What disorders are connected to mirror neurons?
Researchers have suggested that several types of psychiatric disorders may be linked to mirror neuron dysfunction. For example:
- A 2016 experiment found that less connectivity in the mirror neuron system (MNS) was associated with more severe schizophrenia symptoms
- Multiple studies have reported that difficulties with behavior imitation in autism spectrum disorders (ASD) might relate to MNS impairment
- Preliminary research suggests that developmental coordination disorder (DCD) might be linked to deficits in mirror neuron functioning
Research in this area is not yet definitive, and some studies have called these conclusions into question. For instance, the research results connecting autism to mirror neurons have been inconsistent. More studies will likely be needed to draw firm conclusions.
How do you trigger mirror neurons?
The mirror properties of these cells are based on the fact that they can be triggered in at least two different ways. If a mirror neuron is activated when you perform an action, such as reaching to grasp something, it will also be activated when you see someone else doing the same thing.
Broadly congruent mirror neurons may be triggered by a range of similar actions. For example, the same neuron that fires when you grip something with your hand might also activate when you observe a person gripping something in their teeth.
Do autistic people lack mirror neurons?
There’s no evidence that mirror neurons are absent in people with autism. However, some studies suggest that these individuals may have lower levels of interconnectivity between nerve cells in areas associated with the mirror neuron system, including:
These differences in mirror neuron functioning may be partly responsible for the challenges with social communication seen in people with ASD.
What's so special about mirror neurons?
The discovery of mirror neurons in 1992 by Giacomo Rizzolatti and his colleagues was widely viewed as a landmark discovery in the field of neuroscience. It was the first time that researchers had identified a specific class of cells that directly linked an individual’s actions to their observations of the actions of others.
This suggested a possible neural basis for important functions like social cognition and human self-awareness. By creating a mental connection between self-directed and other-directed actions, mirror neurons might help explain how people (and primates) relate to each other.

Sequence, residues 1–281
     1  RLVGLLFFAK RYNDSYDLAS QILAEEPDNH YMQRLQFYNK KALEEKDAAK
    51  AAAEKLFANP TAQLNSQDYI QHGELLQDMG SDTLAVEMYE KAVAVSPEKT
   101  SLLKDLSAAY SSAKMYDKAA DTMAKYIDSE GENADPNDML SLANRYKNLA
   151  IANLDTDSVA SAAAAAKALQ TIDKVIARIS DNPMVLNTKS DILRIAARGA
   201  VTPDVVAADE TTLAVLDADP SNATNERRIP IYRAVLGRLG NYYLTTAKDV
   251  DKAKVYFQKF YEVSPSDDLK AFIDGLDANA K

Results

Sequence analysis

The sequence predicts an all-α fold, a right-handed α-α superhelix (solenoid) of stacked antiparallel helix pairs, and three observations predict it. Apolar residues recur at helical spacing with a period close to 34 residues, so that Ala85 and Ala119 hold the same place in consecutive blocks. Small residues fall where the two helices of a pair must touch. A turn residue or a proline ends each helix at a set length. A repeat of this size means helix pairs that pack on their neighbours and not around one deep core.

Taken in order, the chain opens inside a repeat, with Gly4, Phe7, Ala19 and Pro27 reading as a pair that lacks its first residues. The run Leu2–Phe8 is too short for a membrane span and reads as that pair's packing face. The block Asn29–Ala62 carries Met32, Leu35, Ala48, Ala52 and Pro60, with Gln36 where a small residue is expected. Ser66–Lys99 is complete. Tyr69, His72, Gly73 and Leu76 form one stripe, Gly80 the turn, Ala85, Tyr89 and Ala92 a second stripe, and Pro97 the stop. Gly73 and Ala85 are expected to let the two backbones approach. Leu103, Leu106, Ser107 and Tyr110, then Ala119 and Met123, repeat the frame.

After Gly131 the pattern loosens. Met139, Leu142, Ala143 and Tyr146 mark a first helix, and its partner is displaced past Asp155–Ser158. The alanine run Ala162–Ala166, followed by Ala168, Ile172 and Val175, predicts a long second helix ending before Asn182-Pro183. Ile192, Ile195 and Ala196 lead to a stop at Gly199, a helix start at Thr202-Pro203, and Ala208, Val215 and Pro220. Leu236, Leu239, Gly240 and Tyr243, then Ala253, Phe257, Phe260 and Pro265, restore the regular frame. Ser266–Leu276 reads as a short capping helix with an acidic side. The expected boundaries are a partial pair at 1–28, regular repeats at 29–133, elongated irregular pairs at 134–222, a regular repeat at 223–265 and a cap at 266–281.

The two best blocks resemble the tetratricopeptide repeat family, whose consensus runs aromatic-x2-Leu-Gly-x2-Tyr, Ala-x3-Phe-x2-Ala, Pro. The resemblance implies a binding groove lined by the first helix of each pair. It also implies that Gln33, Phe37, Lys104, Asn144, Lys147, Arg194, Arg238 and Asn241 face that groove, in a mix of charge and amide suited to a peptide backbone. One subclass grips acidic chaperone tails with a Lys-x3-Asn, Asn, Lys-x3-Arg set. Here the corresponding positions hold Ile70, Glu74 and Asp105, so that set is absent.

Since then, some of the early claims about these cells have proved hard to verify. Though they’re called mirror neurons, researchers are now skeptical that they directly “reflect” the intentions or emotions of others. Instead, they seem to play a significant role in the low-level processing of visual perception and motor action, while other systems may be responsible for determining complex behaviors like empathy.
What happens if you lack mirror neurons?
Although it’s not clear what would happen if someone had no mirror neurons at all, research shows that injuries to brain areas involved in the MNS result in problems with recognizing, imitating, and understanding actions in other people. Someone with few or no motor neurons might have a hard time recognizing what another person is doing, even if they’re watching it directly. They might also be unable to learn how to do tasks by seeing others perform them.
At what age do mirror neurons develop?
Since it’s not yet possible to functionally study individual cells within human brains, the exact age at which the mirror neuron system develops is unclear. Some researchers have proposed that the first 12 months of life may be crucial for mirror neuron development. Human infant information suggests that even newborns can imitate certain facial cues and that babies quickly develop the ability to track eye movements.
Others have argued that the mirror neuron system may develop more gradually as a result of associative learning. This model proposes that individual cells don’t develop as mirror neurons. Instead, they acquire this function in the process of learning and mentally classifying different actions.
How do you strengthen mirror neurons?
There’s currently no evidence that mirror neurons can be strengthened or what effect this would have. Some studies have shown that MNS activity appears to be heightened following imitation-based training in which participants watch specific motions and attempt to repeat them. However, this might be simply because this system is involved in the learning process — it doesn’t necessarily mean that the participants’ mirror neurons were strengthened.
What happens when you have too many mirror neurons?
No disorders or dysfunctions are currently linked to an excess of mirror neurons. As it’s not yet possible to classify individual cells in the human brain, we don’t have a direct way to assess how many mirror neurons a person has.
Certain studies have linked hyperactivation in certain parts of the MNS to social emotion processing deficits in autism spectrum disorder. Still, it’s not yet clear how these findings fit into the overall picture of mirror neuron functioning and mental health.